People—Chinese, I guessed—were working on the runway we were about to land on. That wasn’t unusual. Runways were going in all over; so much of the war was being fought in the air. What was unusual at Kunming was the method. Thousands of people—no, tens of thousands—no bulldozers or graders, no cranes, just people, all moving in different directions, working like ants, as if they were making a runway out of people. Were they going to lie down and let us land on them? I shook my head and focused on setting the plane down. As I made our final approach, the people on the runway began dashing off to either side.
“Airbase, this is Transport 522,” I said into my headset. “I know you’ve cleared us to land, but it looks like they’re having trouble clearing the runway. Do you want us to wave off and go around again?”
The guy in the tower laughed. “Negative, 522,” he said. “Just come on in. They’ll get out of your way. Welcome to China, gentlemen.”
Sure enough, the workers got out of the way. We touched down, and as we rolled along I could make out men and women, even children, standing with shovels and rakes and hoes and picks, not concerned at all that a plane was landing so close. Every few hundred yards we passed an open fire with pots steaming over it and people waiting to eat. I taxied to where I was directed to park the plane. As the engines shut down, I told my crew, “Welcome to China, gentlemen.”
My joints ached from sitting so long. We climbed out and stretched and flexed and looked around. There was nothing to see, really. After turning in our orders and reporting our arrival, we rode in an open truck to a city of nothing but tents, except for Quonset huts that housed headquarters and the hospital. The truck stopped. A bored sergeant, half-saluting, assigned us tents. So much for my hope of sleeping inside.
Our tent reeked of mildewed canvas and dust until a breeze replaced that smell with the stink of rotten fish and burning tires. Closing the tent flaps made no difference. Before putting my gear on my bunk, I brushed at the dust, which rose and fell.
“Lunch, sirs,” the sullen sergeant said from outside as he worked his way down the line of tents. “Lunch truck heading out. Lunch, sirs.”
The truck brought us to an outdoor kitchen under a tarp, with hundreds of guys lining up on one side to get metal plates and utensils and guys with plates of food streaming out the other side. We hurried into line. I found myself among guys I didn’t know. My uniform was so much neater and cleaner than theirs it embarrassed me. The guys ahead and behind could tell I had just arrived, and they wanted to hear about home—the women, the food, the baseball. I wanted to hear about China, the airbase, the fighting. And what about those thousands of Chinese working on that runway?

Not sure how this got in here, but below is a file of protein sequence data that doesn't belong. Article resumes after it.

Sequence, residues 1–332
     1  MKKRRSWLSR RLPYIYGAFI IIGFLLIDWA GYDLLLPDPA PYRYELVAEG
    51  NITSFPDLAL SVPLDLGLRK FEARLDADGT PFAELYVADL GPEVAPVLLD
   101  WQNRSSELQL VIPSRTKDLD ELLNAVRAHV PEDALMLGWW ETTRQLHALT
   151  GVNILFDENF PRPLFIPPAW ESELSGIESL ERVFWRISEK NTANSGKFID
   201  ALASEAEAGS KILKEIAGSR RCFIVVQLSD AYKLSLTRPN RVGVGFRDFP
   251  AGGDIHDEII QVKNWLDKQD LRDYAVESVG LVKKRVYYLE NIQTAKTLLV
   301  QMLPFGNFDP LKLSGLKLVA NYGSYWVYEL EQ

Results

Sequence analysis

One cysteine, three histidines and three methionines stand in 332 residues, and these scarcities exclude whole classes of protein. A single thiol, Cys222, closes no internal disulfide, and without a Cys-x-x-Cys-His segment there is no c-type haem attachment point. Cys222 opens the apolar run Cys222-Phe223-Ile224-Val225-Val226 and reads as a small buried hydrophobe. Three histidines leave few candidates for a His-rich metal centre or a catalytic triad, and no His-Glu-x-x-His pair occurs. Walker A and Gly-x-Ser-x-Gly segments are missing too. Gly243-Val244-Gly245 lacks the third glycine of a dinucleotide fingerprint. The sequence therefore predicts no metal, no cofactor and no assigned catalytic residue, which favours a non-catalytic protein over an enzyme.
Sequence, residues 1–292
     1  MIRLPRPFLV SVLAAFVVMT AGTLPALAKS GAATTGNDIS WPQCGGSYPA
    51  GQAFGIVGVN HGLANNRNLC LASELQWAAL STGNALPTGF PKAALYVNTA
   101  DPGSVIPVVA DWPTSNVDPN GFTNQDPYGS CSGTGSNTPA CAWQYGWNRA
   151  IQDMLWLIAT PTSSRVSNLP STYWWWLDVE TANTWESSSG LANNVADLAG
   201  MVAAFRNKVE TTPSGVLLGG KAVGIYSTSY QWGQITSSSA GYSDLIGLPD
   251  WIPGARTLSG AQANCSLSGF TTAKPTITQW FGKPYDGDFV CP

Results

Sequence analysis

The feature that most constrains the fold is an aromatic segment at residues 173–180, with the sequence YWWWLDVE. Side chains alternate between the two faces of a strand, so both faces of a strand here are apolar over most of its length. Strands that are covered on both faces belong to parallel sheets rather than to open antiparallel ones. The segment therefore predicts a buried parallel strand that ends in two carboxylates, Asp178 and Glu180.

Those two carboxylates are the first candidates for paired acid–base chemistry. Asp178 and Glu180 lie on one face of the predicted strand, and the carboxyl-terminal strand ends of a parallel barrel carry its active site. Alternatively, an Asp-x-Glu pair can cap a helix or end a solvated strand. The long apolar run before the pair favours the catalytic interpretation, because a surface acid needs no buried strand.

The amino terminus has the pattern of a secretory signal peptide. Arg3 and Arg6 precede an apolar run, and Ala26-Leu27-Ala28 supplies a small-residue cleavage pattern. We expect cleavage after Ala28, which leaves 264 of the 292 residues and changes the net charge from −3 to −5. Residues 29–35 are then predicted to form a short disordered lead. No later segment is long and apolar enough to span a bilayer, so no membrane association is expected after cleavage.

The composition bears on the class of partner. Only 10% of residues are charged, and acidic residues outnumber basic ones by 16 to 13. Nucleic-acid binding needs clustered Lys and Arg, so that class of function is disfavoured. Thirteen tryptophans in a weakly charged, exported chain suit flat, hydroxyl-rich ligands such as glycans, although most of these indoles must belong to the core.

Out of nowhere came a loud crack. Sniper, I thought, as everyone else hit the ground ahead of me. Soldiers and medics converged on where I lay. “Make room, men,” someone said. “C’mon, let ’em through!” The guy ahead of me got up, so I did, too. My chest hurt where I’d landed on my metal plate. All the other guys got up, too—except one, who lay in the dirt, face up, eyes open. Under his head a pool of blood was spreading. “He’s had it,” somebody said. What happened what happened what happened, the line buzzed. Medics were checking the poor sucker, not doing much except covering his head with a towel. Blood soaked the towel.
A military policeman came over. “Idiot over thataway was cleaning his pistol,” the MP told the medics, pointing toward our part of the tent city. “Didn’t know a round was in the chamber, I think. Poor bastard.” I couldn’t tell if he meant the dead man or the idiot.
Medics put the dead man on a stretcher, covered him, and loaded him onto a jeep. When they drove off, the lunch line reassembled. I could barely breathe, but the line surged toward the kitchen, carrying me along. We stepped around the blood-soaked patch with the dead man’s plate lying where he’d dropped it. My uniform had gotten dirty. I looked just like everybody else. The lunch line shuffled forward. We never did hear what happened to the guy who had been cleaning his loaded gun.
Welcome to China, gentlemen.
Sidney Garic flew 99 round trips over the Hump, and began many other flights that he had to abort owing to weather or mechanical difficulties, including engine failure, loss of oil pressure, and fires in the electrical
system or engines. He was awarded the Distinguished Flying Cross in August 1944. Upon completing his overseas tour he returned stateside to train as an instructor pilot in Brownsville, Texas, and then at Bryan Field near College Station, Texas. When the war ended, Captain Garic was an Army Air Forces instrument pilot in Memphis, Tennessee. Upon mustering out, he began training as an air traffic controller in Memphis, but his mother got sick, so he returned to New Orleans, where he managed an appliance and flooring wholesale company for 35 years. He and Elaine had three children—Tom, Sue, and John. Many years passed before he explained to Elaine what prize targets transports had been, or about how easy it was in a war zone to killed standing in line for lunch.